Thursday, July 22, 2010

Sports in the Courts

The conversations and debates have taken place for who knows how long: Is cheerleading a sport? Recently, one Connecticut court answered the question with a "no".

Now to be clear, the purpose the court was even defining a sport in this instance was so as to come to a decision as to whether Quinnipiac (an old NEC foe) was violating Title IX or not. This determination hinged on whether or not the scholarships for the all women's varsity competitive cheer team counted towards the total number scholarships. Several factors, including lack of recognition as an NCAA sport, lack of off-campus recruiting, differences in campus resources, and lack of a singular governing body went into the ruling that varsity cheerleading, at least in this instance, was not a sport.

The debate over what is a sport enters into many arenas; cheerleading is among those often questioned, as are commonly accepted sports such as NASCAR and golf. And, of course, marching band/drum corps often get thrown into the mix as well.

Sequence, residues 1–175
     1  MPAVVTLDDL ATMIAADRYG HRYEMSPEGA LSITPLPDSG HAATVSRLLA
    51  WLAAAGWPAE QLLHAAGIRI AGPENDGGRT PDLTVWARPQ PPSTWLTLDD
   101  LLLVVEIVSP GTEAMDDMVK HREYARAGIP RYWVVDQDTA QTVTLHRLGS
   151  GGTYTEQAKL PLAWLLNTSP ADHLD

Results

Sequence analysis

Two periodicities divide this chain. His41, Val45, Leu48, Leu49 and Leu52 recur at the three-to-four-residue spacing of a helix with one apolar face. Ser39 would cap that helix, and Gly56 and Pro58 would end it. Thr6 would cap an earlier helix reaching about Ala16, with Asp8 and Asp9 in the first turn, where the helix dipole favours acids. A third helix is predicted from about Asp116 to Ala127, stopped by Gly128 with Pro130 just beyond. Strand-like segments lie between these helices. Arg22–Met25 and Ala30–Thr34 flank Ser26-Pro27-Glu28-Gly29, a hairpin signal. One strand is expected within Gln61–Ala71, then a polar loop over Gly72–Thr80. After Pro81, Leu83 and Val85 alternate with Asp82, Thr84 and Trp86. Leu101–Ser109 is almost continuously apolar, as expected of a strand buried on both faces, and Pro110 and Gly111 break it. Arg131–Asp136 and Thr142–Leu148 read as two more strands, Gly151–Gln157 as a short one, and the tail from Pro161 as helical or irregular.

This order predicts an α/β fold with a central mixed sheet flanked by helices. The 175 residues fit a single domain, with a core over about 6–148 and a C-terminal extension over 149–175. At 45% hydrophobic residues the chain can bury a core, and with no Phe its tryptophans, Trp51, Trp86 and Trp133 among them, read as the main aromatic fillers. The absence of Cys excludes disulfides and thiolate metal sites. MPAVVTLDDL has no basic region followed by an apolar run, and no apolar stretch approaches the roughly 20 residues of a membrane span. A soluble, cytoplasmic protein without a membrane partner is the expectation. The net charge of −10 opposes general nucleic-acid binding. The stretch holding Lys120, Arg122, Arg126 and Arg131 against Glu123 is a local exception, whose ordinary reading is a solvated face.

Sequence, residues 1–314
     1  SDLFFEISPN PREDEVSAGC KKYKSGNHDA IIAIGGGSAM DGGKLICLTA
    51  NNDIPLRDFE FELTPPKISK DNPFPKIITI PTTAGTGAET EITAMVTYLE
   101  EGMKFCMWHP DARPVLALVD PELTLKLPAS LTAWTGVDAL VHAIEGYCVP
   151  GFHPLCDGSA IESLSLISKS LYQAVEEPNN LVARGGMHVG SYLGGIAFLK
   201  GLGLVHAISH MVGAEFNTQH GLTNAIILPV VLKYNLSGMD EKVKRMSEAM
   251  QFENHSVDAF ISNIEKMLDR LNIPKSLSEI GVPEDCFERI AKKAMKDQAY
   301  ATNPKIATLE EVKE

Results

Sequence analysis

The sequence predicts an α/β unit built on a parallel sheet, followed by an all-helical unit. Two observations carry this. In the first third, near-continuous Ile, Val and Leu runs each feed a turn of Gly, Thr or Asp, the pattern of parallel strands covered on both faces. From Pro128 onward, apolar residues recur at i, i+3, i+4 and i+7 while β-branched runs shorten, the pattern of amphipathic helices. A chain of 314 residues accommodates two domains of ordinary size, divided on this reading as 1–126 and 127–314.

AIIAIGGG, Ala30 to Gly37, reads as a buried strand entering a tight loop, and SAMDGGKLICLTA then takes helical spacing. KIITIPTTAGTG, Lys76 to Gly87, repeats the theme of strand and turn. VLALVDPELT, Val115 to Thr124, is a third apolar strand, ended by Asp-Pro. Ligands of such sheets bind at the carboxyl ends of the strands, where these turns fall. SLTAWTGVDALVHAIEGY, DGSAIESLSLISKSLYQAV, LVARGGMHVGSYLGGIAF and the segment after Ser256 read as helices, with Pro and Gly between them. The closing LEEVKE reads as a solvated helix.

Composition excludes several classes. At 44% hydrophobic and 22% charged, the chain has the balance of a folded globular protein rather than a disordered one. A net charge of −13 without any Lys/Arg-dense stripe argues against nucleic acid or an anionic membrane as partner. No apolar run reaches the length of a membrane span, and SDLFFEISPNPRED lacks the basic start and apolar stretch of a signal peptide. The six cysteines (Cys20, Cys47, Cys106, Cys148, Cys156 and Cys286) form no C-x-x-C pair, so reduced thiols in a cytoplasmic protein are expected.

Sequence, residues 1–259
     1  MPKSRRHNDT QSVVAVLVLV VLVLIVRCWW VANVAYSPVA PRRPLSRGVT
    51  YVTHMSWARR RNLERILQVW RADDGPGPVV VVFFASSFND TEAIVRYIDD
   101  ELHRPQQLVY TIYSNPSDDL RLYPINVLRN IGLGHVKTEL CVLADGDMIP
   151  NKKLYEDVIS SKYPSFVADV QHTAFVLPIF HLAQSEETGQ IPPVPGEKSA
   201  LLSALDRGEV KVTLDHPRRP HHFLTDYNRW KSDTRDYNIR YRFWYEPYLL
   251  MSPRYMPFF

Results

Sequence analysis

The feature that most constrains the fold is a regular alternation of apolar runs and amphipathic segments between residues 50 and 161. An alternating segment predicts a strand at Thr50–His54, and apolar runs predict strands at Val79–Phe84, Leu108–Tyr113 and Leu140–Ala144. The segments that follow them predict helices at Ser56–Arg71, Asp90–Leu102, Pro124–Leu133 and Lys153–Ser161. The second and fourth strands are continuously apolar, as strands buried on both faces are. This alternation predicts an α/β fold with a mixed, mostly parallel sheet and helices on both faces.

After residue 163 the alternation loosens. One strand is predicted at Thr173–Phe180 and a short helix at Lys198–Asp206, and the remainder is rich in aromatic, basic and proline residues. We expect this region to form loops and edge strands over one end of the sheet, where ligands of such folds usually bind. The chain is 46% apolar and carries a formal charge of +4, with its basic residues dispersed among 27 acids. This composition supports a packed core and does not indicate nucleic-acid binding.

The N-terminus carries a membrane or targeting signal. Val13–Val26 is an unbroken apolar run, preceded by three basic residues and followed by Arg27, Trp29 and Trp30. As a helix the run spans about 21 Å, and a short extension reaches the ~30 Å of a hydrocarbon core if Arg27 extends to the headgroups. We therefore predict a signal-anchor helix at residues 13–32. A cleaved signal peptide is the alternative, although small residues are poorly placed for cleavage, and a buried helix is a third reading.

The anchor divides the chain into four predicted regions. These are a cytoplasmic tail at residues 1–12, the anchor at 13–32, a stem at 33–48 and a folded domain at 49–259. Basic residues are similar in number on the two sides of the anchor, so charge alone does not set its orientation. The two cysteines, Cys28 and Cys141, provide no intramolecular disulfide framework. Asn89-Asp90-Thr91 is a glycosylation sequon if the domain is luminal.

I'm sure I've said it here before, but despite being the band nerd I am, I do not believe marching band or drum corps to be sports. True enough, they are physically demanding, athletic endeavors (if you're doing it right), but that doesn't make either a sport. I feel similarly about cheerleading.

But what of it? I'm a sports fan. I enjoy sports. But I also believe there's no golden star foisted upon anything that is considered a sport. There are things I don't consider sports (drum corps) which I'd be a whole lot more apt to watch than things I do (baseball). So if you seek the "sport" moniker for legitimacy, search elsewhere.

All that said, I still want regular marching coverage on ESPN. Just sayin'.

Saturday, July 17, 2010

Sports. Nation.

I mentioned absence-due-to-marriage in the last post; this most recent hiatus is due to the honeymoon. If this is your primary source of sports and marching news, well, I'm simultaneously flattered and concerned, but rest assured I'm back.

I won't bore you with all of the details of my honeymoon--that's for another time and place--but there are quite a few bits of it that were sports- or marching-related, and thus are appropriate for this blog. The honeymoon was an Alaskan cruise and a cross-country drive. Here's the parts that were appropriate for consumption here: